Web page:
David Roberts was the Martin Sorrell of architecture: like the WPP ad mogul, Roberts was always at another early-morning meeting on another continent when you turned your back. Now the passionate Welshman (via the British West Midlands and Tasmania) and Stanley resident has stepped down as chief executive of Aedas, the Hong Kong and British-owned architecture practice.
"David worked hard for 24 years to build Aedas from a small company to its current global reach and stature," said Keith Griffiths, Aedas's chairman. Roberts, a stalwart of the Hong Kong Club, who is 50 this year, recently overcame a battle with cancer. He will remain an adviser to the board at Aedas, which is behind the new West Kowloon terminus, and is succeeded by David Bromberg, the practice's star designer. Roberts's second home and yacht charter business (as well as an Italian restaurant and deli) in Phuket will ensure his frequent flyer status.
Cable TV gives refund shock
Cable TV Hong Kong has come under fire with respect to its contract arrangements. A reader tells us he had a contract for which he paid HK$350 a month. This expired in March while he was away on holiday. He was unaware of this until he received a further bill for HK$700. After speaking to Cable TV it transpired it had started a new "contract'" without consulting our reader and, because he hadn't negotiated a "special price", had set the rate at HK$700.
Irritated by the company's high-handed practices, our reader said he wanted to terminate the service. However, to do this, Cable TV said, he would have to give a month's notice and pay a further HK$700, even though our reader had not entered into a contract. After Lai See discussed the matter with Cable TV, the company swiftly got back to our reader, offered a fulsome apology, and has undertaken to refund the whole of the overcharged amount by the end of the month. The company offered another contract at the old rate of HK$350. This was, you may be unsurprised to hear, declined by our reader, as he said he had lost confidence in the company on account of its "sharp practices".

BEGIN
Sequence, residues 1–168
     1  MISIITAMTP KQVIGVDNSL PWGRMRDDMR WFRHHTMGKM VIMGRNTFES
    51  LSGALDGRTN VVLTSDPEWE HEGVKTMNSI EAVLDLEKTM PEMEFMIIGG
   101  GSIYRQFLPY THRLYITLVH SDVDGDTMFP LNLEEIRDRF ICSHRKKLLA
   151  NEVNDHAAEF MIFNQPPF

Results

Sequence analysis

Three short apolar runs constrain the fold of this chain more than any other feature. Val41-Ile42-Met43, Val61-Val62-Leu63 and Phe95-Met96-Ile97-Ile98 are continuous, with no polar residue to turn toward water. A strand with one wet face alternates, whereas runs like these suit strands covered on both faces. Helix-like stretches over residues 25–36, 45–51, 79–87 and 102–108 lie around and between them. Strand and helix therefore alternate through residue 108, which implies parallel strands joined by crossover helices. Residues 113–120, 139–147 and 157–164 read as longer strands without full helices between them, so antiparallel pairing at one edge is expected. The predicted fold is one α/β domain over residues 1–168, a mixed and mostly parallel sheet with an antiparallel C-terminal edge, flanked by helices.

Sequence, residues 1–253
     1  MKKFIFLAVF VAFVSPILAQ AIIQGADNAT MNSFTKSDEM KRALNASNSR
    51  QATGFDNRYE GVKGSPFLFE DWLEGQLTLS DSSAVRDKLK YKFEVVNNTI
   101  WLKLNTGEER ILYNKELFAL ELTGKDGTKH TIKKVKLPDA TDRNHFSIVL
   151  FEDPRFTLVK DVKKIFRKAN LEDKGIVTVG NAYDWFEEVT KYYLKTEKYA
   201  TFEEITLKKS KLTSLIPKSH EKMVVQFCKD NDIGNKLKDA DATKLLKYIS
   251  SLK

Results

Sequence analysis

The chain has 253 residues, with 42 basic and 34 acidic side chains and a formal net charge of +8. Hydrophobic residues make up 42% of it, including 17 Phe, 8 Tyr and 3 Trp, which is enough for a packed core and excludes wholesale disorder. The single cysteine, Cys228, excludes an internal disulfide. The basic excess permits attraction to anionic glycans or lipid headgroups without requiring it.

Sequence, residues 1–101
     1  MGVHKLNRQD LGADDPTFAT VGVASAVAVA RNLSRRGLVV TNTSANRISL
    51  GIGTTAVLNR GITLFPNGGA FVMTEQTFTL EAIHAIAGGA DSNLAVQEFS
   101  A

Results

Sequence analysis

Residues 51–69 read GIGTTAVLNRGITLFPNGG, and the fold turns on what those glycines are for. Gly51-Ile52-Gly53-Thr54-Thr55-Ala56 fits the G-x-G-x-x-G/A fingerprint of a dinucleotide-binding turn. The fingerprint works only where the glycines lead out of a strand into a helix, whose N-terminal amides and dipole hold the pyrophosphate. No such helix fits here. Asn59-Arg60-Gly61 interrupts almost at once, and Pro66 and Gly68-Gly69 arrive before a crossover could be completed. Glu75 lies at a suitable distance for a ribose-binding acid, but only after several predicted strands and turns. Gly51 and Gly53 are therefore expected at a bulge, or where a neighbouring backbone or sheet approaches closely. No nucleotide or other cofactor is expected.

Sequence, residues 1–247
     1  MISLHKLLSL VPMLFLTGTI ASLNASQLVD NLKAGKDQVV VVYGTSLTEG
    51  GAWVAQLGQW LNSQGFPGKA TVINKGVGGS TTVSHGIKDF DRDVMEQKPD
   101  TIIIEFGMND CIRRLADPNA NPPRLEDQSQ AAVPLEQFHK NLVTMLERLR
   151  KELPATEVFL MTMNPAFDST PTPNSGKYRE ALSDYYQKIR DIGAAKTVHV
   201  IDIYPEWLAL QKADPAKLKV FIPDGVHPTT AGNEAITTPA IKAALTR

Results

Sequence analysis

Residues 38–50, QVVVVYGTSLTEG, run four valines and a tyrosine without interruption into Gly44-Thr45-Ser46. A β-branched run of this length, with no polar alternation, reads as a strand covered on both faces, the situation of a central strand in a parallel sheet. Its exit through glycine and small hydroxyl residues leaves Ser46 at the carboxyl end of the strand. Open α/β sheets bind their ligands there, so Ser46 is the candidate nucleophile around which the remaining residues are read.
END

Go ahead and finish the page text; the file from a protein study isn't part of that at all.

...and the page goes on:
Police Report's parking fantasy
Readers will by now be aware of our interest in illegal parking. So it was with some interest that we watched last Sunday's Police Report - Illegal Parking Episode 1. Superintendent John Cameron introduced the programme by observing that Hong Kong's roads were crowded, which meant "road space was at a premium and illegally parked vehicles would obstruct, endanger and cause a nuisance to everyone."
But the so-called case reconstruction that followed was pure fantasy. A pretty girl parks her car on a double yellow line in Ice House Street. Before she leaves the car, a police officer emerges and tells her she can't park there and asks her to move on. She declines, and he gives her a ticket.
In fact, the police usually walk past these situations without taking action, and rarely give a ticket if the driver is present. But Police Report moves deeper into unreality when the girl decides that since she has already been ticketed, she'll go shopping, despite the officer's warning that her car will be towed away. She flounces off and shortly afterwards a tow truck appears and removes the car. Cameron winds up with: "Let's work together to keep Hong Kong's traffic moving in a safe and smooth manner." It can be seen at bit.ly/ZxCoFI. We can't wait for episode 2.
Total joins dodgy top 10
With Total agreeing to pay US$398.2 million to settle criminal and civil allegations in the United States that it paid bribes to win oil and gas contracts in Iran, this means that three of the top 10 Foreign and Corrupt Practices Act (FCPA) cases are French. Total is now fourth on the list of payments, according to the FCPA blog, which keeps a running total. It joins Technip (US$338 million, 2010) which lies 6th, along with Alcatel-Lucent in ninth position, which paid a fine of US$137 million in 2010.
The list is headed by the German company Siemens, which paid US$800 million in 2011. There is only one US company, KBR/Halliburton, in the top 10, which has raised a few eyebrows, with some people wondering if the US Department of Justice is taking it easy on US companies while going after the dodgy foreigners.